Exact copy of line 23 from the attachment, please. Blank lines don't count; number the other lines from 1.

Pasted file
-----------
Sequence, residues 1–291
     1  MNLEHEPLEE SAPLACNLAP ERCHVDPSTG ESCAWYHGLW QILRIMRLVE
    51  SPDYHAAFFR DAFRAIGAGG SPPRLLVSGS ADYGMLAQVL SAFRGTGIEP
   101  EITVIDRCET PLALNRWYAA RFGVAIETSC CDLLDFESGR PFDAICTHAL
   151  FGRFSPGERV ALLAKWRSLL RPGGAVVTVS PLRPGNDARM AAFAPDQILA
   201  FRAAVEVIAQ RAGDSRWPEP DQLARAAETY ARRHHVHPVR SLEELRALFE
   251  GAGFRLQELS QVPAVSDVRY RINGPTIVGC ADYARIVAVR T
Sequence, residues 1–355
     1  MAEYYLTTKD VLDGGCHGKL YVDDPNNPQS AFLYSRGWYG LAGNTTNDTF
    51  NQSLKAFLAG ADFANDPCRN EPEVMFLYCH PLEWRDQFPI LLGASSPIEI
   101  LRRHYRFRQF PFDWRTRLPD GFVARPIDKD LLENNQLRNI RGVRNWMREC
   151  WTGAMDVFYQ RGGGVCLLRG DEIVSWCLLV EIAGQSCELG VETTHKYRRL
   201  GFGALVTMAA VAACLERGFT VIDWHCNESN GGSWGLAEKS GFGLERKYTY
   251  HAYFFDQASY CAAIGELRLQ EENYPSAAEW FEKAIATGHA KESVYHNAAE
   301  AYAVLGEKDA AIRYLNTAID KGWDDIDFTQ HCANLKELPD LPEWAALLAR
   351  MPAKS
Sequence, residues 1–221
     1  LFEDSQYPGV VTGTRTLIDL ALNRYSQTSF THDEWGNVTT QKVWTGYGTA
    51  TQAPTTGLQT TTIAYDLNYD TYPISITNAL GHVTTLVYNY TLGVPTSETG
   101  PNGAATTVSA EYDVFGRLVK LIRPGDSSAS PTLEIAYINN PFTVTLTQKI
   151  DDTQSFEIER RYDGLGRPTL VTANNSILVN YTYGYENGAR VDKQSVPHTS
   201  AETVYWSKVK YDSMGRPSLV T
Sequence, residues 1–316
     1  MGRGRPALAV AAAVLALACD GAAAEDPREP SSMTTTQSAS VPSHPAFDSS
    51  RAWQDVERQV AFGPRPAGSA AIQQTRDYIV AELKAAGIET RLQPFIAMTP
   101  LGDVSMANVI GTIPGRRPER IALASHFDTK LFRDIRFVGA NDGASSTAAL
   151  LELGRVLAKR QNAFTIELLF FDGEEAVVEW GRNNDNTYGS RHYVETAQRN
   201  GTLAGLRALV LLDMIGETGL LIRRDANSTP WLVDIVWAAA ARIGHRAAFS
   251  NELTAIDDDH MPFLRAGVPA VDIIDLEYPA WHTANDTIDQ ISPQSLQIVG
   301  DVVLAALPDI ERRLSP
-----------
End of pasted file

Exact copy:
Sequence, residues 1–316